Current Research in Evolutionary Sociobiology

Our lab is interested in self-organizing systems and the complexity of emergent social systems governed by individual behavior. We use mathematical modeling to investigate possible mechanisms for the evolution of sociality. Additionally, we work to characterize traits which increase both the success and stability of organizational structures and strategies, especially those that make populations best able to survive group-level threats, such as those posed by epidemics.

Our interests in sociobiology are primarily focused on the evolution of sociality and social complexity.

  1. Understanding the evolution and maintenance of observed behaviors in real-world systems: These interests focus empirically on social insects and to understand what real-world experiments tell us about these systems we use tools from game theory, linear programming, optimization theory, and dynamical systems.
  2. Abstract and theoretical characterizations of the evolution and maintenance of social complexity: Rather than focusing on particular systems, we are interested in general principles of self-organization and distributed decision making under evolutionary pressures (especially from disease risks). We use simulation methods and agent based models in addition to analytic game theory, complexity theory, and analytic network theory to explore how group-level outcomes can be built by evolutionary variation in traits and selective pressure acting on individual fitness.

Related Publications

How disease constrains the evolution of social systems. Udiani, O. and N.H. Fefferman. 2020. Proceedings of the Royal Society B. 287(1932):20201284.

How Emergent Social Patterns in Allogrooming Combat Parasitic Infections Wilson, S.N., S.S. Sindi, H.Z. Brooks, M.E. Hohn, C.R. Price, A.E. Radunskaya, N.D. Williams, and N.H. Fefferman. 2020. Frontiers in Ecology and Evolution. 8:54.

Propinquity drives the emergence of network structure and density. Gallos, L., S. Havlin, G. Stanley, and N.H. Fefferman. 2019. Proceedings of the National Academy of Sciences. 116(41):20360-20365.

How Disease Risks Can Impact the Evolution of Social Behaviors and Emergent Population Organization. Williams, N.D., H.Z. Brooks, M.E. Hohn, C. R. Price, A.E. Radunskaya, S.S. Sindi, S.N. Wilson, and N. H. Fefferman. 2018. in Understanding Complex Biological Systems with Mathematics eds. A. Radunskaya, R. Segal, B. Shtylla. Association for Women in Mathematics Series, vol 14. pp 31-46. Springer.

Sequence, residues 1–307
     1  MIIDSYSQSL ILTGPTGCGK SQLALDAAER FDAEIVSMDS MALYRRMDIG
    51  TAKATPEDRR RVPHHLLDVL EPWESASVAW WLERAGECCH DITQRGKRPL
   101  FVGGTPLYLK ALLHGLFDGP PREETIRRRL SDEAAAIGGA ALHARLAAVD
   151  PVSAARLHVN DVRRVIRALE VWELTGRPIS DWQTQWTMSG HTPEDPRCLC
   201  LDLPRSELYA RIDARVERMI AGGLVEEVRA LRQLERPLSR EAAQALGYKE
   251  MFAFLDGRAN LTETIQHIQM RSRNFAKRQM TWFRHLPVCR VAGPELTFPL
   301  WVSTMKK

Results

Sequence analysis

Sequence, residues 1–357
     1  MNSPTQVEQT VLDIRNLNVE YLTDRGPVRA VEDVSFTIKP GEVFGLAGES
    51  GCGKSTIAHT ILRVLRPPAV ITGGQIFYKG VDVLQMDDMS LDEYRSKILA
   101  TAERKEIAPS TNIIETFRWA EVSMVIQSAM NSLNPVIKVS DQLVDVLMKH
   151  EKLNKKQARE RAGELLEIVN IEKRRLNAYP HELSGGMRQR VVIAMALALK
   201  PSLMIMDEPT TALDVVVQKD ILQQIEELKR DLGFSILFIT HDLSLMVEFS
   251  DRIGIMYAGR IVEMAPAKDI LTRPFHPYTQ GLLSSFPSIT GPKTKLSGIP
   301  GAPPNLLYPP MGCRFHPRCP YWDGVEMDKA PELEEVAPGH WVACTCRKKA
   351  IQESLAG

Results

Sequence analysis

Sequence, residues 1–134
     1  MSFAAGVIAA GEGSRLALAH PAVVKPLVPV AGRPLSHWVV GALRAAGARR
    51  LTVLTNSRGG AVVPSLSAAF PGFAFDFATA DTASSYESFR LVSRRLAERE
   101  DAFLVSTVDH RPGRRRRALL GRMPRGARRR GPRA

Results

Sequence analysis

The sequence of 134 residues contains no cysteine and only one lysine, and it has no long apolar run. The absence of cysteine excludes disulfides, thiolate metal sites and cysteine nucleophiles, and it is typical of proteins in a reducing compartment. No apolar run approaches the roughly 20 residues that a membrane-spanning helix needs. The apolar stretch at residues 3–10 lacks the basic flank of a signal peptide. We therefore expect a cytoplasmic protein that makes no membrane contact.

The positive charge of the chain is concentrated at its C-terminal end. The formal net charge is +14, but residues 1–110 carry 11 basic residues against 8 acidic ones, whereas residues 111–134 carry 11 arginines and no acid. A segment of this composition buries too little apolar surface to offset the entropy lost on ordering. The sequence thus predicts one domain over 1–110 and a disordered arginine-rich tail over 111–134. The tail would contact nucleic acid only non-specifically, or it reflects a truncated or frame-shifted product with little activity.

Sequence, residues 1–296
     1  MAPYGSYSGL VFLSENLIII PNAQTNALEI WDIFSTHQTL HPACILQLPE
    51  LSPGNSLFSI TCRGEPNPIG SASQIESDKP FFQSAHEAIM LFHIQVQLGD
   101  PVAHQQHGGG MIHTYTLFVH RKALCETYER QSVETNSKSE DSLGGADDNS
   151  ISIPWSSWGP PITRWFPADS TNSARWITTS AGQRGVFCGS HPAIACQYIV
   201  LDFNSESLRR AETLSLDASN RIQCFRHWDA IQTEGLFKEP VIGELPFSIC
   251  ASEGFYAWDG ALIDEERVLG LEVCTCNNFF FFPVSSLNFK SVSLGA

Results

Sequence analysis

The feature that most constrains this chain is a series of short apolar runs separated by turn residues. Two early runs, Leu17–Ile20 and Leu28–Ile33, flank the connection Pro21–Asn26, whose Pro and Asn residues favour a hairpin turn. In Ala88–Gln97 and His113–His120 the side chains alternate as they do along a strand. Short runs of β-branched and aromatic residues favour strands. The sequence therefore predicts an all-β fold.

Expanding the evolutionary theory of aging: honeybees as a test case for an optimal decision making model of senescence. Lemanski, N.J. and N.H. Fefferman. 2018. American Naturalist. 191(6):756-766.

Coordination Between the Sexes Constrains the Optimization of Reproductive Timing in Honey Bee Colonies. Lemanski, N.J. and N.H. Fefferman. 2017. Nature Scientific Reports. 7:2740.

Application of network methods for understanding evolutionary dynamics in discrete habitat. Greenbaum, G. and N.H. Fefferman. 2017. Molecular Ecology. DOI: 10.1111/mec.14059.

Simple and efficient self-healing strategy for damaged complex networks. Gallos, L. and N.H. Fefferman. 2015. Physical Reviews E. 92(5):052806.

Higher-Order Interactions: Understanding the knowledge capacity of social groups using simplicial sets. Greening, B., N. Pinter-Wollman, and N.H. Fefferman. 2015. Current Zoology. 61(1): 114127.

Evolutionary Significance of the Role of Family Units in a Broader Social System. Greening, B. and N.H. Fefferman. 2014. Nature Scientific Reports. 4: 3608.

Revealing effective classifiers through network comparison. Gallos, L. and N.H. Fefferman. 2014. Europhysics Letters 108(3): 38001.

Strategic Mortgage Default in the Context of a Social Network: An Epidemiological Approach. Seiler, M.J., Collins, A.J., and N.H. Fefferman. Journal of Real Estate Research.

Social organization patterns can lower disease risk without associated disease avoidance or immunity. Hock, K. and N.H. Fefferman. 2012. Ecological Complexity. 12:3442.

Violating Social Norms when Choosing Friends: How Rule-Breakers Affect Social Networks. Hock, K. and N.H. Fefferman. 2011. PLoS ONE.6(10):e26652.doi:10.1371/journal.pone.0026652

Extending the role of social networks to study social organization and interaction structure of animal groups. Hock, K. and N.H. Fefferman. 2011. Annales Zoologici Fennici. 48(6):365370.

A Systems Approach to Studying Animal Sociality: Individual Position versus Group Organization in Dynamic Social Network Models Hock, K., K.L. Ng, and N.H. Fefferman. 2010. PLoS ONE. 5(12): e15789. doi:10.1371/journal.pone.0015789

The role of individual choice in the evolution of social complexity Fefferman, N.H. and K.L Ng. 2007. The role of individual choice in the evolution of social complexity. Annales Zoologici Fennici, 44:58-69.

Polistes Nest Founding Behavior: a Model for the Selective Maintenance of Alternative Behavioral Phenotypes Starks, P.T.B. and N.H. Fefferman. 2006. Polistes Nest Founding Behavior: a Model for the Selective Maintenance of Alternative Behavioral Phenotypes. Annales Zoologici Fennici, 43:456-467.

A Modeling Approach to Swarming in Honey Bees Fefferman, N.H., and P.T.B. Starks. 2006. A Modeling Approach to Swarming in Honey Bees. Insectes Sociaux, 53(1):37-45.